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Delhi records 3,829 cases of dengue, 502 of chikungunya till date

The year 2015 had reported the highest number of cases of dengue in the city, with the figure standing at 15,867 with 60 deaths.

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cases of dengue
Dengue and Chikungunya are viral diseases transmitted to humans via infected mosquitoes. Pixabay
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New Delhi, November 7, 2017 :  Delhi has so far recorded 3,829 cases of dengue and 502 cases of chikungunya, according to civic agencies on Monday.

While the national capital has witnessed a total of four dengue-related deaths till now, no deaths have been reported due to chikungunya.

ALSO READ You May Soon Be Able to Prevent Chikungunya With Vaccines! IIT-Roorkee Researchers Discover Drug to Fight the Disease

The year 2015 reported the highest number of cases of dengue in the city, with the figure standing at 15,867 with 60 deaths.

As for chikungunya, 2016 saw 7,117 cases — the highest in the last five years.

Civic agencies said that areas under the South Delhi Municipal Corporation reported the maximum cases of chikungunya and dengue this year.

ALSO READ What preventive steps have the city Government taken to control Dengue and Chikungunya, asks the Delhi High Court

Delhi has also reported a total of 552 malaria cases with no deaths so far. The figure is the second-highest after 2012 when the cases had soared to 822. (IANS)

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How Chikungunya Virus Causes Arthritis Pain Decoded

Scientists have identified the molecular handle that chikungunya virus grabs to get inside cells and cause arthritis pain, a finding that could lead to ways to prevent or treat the disease as well as related viruses.

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Scientists have recovered oldest viral genomes of hepatitis B virus (HBV) and found that the deadly virus has been circulating in Europe for at least 7,000 years.
Virus, Representative Image- Pixabay

Scientists have identified the molecular handle that chikungunya virus grabs to get inside cells and cause arthritis pain, a finding that could lead to ways to prevent or treat the disease as well as related viruses.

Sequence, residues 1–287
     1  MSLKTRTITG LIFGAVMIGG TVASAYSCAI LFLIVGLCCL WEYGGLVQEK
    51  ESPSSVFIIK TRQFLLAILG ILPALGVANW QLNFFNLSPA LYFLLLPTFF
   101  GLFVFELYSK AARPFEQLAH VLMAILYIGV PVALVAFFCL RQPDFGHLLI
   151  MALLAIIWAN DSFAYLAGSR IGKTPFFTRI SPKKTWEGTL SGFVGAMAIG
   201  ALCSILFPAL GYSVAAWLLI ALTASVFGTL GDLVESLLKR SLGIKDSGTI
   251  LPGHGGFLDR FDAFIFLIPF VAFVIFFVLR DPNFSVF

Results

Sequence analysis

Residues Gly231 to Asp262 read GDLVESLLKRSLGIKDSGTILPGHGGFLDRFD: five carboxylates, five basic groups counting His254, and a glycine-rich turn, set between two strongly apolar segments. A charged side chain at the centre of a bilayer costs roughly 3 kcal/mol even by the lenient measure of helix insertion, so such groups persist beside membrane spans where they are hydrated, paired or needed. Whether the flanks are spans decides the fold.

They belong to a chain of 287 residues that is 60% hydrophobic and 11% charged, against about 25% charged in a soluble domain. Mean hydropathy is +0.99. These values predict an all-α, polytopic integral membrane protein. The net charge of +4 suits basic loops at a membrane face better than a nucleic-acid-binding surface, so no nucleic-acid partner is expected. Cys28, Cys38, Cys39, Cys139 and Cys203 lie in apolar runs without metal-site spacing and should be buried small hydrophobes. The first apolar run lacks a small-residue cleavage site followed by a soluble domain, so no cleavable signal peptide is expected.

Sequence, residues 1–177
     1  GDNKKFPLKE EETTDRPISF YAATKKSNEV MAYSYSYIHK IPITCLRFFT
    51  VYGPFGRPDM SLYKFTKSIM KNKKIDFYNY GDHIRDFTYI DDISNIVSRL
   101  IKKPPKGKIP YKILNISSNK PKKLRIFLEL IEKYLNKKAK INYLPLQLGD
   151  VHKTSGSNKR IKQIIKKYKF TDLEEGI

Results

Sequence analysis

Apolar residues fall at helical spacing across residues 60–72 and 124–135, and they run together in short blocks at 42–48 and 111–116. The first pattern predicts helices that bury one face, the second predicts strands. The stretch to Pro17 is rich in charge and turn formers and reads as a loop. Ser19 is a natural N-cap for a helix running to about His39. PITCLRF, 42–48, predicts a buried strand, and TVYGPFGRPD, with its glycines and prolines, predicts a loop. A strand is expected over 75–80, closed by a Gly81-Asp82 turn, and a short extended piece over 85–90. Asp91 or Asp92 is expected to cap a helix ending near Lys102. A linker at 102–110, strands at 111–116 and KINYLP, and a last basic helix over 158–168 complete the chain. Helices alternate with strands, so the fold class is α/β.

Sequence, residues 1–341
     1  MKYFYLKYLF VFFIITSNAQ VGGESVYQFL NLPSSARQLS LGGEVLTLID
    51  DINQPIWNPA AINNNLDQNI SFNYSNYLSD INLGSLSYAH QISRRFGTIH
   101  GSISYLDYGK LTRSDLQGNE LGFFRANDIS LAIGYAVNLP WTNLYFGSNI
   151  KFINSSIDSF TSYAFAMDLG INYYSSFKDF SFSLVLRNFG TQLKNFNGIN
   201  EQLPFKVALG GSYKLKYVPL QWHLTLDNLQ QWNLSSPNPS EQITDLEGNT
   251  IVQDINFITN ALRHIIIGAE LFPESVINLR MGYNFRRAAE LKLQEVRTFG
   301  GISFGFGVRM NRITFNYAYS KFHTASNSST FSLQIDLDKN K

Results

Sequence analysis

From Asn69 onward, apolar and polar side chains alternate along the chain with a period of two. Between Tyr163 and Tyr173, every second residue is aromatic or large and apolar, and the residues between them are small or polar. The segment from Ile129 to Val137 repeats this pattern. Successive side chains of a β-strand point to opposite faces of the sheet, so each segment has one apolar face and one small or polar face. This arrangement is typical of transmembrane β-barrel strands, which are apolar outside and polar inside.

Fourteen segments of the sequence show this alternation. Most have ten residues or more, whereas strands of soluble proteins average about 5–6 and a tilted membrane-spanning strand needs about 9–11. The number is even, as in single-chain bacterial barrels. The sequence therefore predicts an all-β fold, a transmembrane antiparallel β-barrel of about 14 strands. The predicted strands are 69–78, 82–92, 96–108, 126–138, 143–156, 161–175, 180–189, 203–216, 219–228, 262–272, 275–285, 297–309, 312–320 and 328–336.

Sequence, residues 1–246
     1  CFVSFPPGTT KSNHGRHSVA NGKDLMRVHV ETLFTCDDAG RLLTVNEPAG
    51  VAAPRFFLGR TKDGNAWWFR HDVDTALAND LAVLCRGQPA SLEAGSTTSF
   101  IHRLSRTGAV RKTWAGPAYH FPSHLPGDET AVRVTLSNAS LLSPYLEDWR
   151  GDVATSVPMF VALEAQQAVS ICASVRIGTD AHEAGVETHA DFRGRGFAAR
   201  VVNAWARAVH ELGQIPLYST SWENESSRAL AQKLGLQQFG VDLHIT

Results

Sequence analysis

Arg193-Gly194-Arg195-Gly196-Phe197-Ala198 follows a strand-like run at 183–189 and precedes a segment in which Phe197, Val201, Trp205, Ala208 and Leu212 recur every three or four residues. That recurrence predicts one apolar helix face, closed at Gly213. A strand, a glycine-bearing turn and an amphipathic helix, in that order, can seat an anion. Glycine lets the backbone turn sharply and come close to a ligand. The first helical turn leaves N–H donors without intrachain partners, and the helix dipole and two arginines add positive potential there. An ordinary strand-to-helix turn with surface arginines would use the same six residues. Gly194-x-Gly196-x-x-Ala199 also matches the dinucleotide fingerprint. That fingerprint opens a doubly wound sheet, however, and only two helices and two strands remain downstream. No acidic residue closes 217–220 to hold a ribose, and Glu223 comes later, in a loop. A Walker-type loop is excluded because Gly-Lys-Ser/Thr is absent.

The study, conducted over mice, identified the protein on cells called Mxra8 that is needed for chikungunya virus to invade both human and mouse cells.

The virus uses Mxra8 protein as a handle to open a door into cells.

The handle, or receptor, is located on cells that build cartilage, muscle and bone. Joints are filled with such cells, which helps explain patients’ painful symptoms.

By creating decoy handles, the researchers showed that they could prevent the virus from grabbing that handle and thus reduce chikungunya infection and signs of arthritis.

“The name chikungunya comes from the Makonde language of Tanzania, and it means ‘to walk bent over.’ That’s how painful the arthritis can be,” said Michael S. Diamond, Professor at the Washington University in St. Louis, US.

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representational image. pixabay

“We now know how chikungunya gets into cells, and we may have found a way to block the infection. If the virus cannot get into the cell, it is unable to replicate and cause infection and disease,” Diamond added.

In the study, published in the journal Nature, the team deluged the virus with decoy handles, so that chikungunya would grab the decoy and be locked out of cells.

A day after infection, the level of virus in the mice’s ankles and calf muscles was between ten-fold and a hundred-fold lower in the animals that had been treated with Mxra8 proteins or blocking antibodies than those that received placebo, and the numbers remained lower over the next two days.

Also Read: Scientists Recover Oldest Virus Genome of HBV

In addition, three days after treatment, the mice that had received the protein exhibited much less swelling in their ankles than those that received the placebo.

The results suggest that a compound that blocks the virus from attaching to Mxra8 on the surface of cells could prevent or reduce arthritis. (IANS)

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